north Brazilian region where the undergraduate accounting program is located - north Binary in which 1 means north and 0 means otherwise
west-center Brazilian region where the undergraduate accounting program is located - central-west Binary in which 1 means central-west and 0 means otherwise
northeast Brazilian region where the undergraduate accounting program is located - northeast Binary in which 1 means northeast and 0 means otherwise
southeast Brazilian region where the undergraduate accounting program is located - southeast Binary in which 1 means southeast and 0 means otherwise
south Brazilian region where the undergraduate accounting program is located - south Binary in which 1 means south and 0 means otherwise

Note. *Outcome variable.

Results and Discussion

The final sample was comprised of 322 institutions, 20 from the north, 38 from the central-west region, 56 from the northeast, 125 from the southeast and 83 from the south of Brazil. After examining the data and the regression outcomes, it was possible to identify the outliers among the institutions' respondents. Four surveys were identified to be outliers and were excluded from all analyses. These surveys presented a standardized residual greater than three standard deviations from the mean standardized residual score and caused a heteroscedasticity problem. After the exclusion of the four outliers, two from central-west and two from southeastern institutions, no heteroscedasticity was verified in the multiple regressions.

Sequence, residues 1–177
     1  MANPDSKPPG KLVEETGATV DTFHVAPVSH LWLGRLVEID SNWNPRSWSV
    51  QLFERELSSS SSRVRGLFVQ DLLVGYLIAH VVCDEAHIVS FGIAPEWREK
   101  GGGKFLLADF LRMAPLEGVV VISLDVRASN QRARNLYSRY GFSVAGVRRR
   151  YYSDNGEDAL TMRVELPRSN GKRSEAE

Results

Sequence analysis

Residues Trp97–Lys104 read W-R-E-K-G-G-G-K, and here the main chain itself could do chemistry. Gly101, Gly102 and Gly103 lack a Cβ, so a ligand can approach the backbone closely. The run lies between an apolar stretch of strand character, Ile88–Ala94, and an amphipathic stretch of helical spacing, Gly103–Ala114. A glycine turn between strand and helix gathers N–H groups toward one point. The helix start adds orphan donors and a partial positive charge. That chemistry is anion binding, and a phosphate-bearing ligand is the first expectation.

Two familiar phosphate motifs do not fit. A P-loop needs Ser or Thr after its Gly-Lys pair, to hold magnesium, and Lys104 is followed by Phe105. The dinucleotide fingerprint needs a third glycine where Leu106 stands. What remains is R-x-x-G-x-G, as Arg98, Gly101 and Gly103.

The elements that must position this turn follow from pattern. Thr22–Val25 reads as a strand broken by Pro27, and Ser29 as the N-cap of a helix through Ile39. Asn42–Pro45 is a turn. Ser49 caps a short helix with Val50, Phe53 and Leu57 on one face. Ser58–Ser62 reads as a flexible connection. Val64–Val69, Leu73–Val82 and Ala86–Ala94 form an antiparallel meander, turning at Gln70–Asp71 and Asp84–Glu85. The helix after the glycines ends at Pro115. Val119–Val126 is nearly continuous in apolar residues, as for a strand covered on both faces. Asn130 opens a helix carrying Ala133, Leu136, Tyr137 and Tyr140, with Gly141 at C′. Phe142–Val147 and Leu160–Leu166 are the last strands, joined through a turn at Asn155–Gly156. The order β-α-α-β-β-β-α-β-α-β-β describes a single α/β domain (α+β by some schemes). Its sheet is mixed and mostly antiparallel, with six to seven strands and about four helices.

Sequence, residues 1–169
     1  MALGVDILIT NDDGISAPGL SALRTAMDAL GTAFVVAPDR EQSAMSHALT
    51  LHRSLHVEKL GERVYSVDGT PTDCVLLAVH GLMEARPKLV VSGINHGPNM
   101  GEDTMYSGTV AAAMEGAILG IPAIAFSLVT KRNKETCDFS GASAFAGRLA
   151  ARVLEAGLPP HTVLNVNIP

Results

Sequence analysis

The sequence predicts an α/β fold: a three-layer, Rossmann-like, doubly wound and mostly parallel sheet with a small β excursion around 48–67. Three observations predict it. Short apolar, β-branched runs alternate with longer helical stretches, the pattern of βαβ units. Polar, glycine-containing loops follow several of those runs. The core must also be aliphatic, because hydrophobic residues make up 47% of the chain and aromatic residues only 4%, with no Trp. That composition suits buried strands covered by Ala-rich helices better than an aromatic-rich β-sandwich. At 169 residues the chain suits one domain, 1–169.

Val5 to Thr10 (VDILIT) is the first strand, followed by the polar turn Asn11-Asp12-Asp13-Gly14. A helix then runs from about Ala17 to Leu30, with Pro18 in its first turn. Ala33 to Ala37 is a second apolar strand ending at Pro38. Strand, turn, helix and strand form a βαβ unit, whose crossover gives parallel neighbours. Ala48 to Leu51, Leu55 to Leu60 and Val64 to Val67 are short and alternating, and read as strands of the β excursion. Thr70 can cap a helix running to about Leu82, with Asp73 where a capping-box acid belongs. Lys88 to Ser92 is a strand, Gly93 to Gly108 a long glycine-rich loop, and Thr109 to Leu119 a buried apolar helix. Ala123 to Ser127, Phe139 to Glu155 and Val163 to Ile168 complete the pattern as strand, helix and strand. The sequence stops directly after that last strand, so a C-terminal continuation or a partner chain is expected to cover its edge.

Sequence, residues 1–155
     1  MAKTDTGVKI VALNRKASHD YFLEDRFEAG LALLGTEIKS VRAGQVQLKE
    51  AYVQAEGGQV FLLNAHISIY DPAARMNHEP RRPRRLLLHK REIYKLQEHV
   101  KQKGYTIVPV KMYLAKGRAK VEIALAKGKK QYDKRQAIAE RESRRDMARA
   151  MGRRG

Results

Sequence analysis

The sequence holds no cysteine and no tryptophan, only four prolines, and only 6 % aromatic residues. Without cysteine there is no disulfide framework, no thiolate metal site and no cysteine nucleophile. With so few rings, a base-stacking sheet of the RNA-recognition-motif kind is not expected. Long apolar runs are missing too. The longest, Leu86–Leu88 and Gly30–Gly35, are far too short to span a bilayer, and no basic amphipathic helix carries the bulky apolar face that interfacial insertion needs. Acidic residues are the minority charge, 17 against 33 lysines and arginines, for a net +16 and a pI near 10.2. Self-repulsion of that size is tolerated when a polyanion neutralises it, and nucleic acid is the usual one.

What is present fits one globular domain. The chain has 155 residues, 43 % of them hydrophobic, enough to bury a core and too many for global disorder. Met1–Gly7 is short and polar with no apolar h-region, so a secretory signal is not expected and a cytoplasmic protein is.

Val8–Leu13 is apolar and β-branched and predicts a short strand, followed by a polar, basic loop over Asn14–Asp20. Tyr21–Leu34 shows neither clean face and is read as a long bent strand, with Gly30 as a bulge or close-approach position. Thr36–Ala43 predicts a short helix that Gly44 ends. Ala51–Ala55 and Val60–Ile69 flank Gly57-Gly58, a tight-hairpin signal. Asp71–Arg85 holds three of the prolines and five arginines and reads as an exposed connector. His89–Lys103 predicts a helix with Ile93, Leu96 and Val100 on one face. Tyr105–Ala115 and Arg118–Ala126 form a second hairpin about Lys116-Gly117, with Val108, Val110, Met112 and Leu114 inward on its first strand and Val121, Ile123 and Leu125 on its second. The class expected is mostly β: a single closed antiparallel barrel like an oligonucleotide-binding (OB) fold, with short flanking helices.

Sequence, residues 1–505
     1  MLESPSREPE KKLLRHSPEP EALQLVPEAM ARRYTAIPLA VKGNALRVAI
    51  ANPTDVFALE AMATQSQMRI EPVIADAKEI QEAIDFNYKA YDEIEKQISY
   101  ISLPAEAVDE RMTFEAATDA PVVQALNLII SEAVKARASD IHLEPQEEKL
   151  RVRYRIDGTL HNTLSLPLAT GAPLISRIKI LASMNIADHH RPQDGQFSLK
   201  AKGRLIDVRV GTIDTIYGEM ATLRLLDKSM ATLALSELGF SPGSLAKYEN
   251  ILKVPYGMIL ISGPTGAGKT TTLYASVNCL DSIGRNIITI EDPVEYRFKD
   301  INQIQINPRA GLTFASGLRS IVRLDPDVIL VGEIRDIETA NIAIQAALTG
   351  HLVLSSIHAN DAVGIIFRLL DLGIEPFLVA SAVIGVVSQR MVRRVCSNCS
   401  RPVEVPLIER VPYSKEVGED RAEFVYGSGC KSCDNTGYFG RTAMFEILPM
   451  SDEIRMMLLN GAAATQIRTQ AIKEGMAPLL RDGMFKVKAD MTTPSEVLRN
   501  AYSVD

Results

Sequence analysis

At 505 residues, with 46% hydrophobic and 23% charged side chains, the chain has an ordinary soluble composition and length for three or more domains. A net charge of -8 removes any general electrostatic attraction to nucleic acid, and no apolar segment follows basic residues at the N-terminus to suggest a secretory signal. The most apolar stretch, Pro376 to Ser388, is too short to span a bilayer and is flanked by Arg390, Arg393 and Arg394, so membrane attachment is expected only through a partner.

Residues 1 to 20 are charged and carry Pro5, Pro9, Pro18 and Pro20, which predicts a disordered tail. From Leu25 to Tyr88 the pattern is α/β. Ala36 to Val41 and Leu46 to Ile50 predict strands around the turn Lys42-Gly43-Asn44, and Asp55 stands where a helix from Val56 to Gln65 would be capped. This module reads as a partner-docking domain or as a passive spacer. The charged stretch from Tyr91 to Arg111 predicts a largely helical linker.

Only the respondents who affirmed that they had read the 2006 ENADE evaluation report responded to the scale about the types of use plus misuse (n = 196). That scale was intended to capture the level of use by type, with a goal of creating variables to test the relationship between evaluation use and the programs' performance. However, the reliability and validity of the instrument needed to be examined before proceeding to the analysis (Devellis, 2011).

The internal consistency reliability and construct validity were assessed through a confirmatory factor analysis (CFA) conducted in SmartPLS 2.0 using partial least squares path modeling (PLS-PM) as an estimator. Cronbach's alpha indicated reliabilities greater than 0.7, suggesting that the responses were consistent across the latent variables within the scale for each construct: conceptual (α = .836), instrumental (α = .845), and persuasive (α = .727).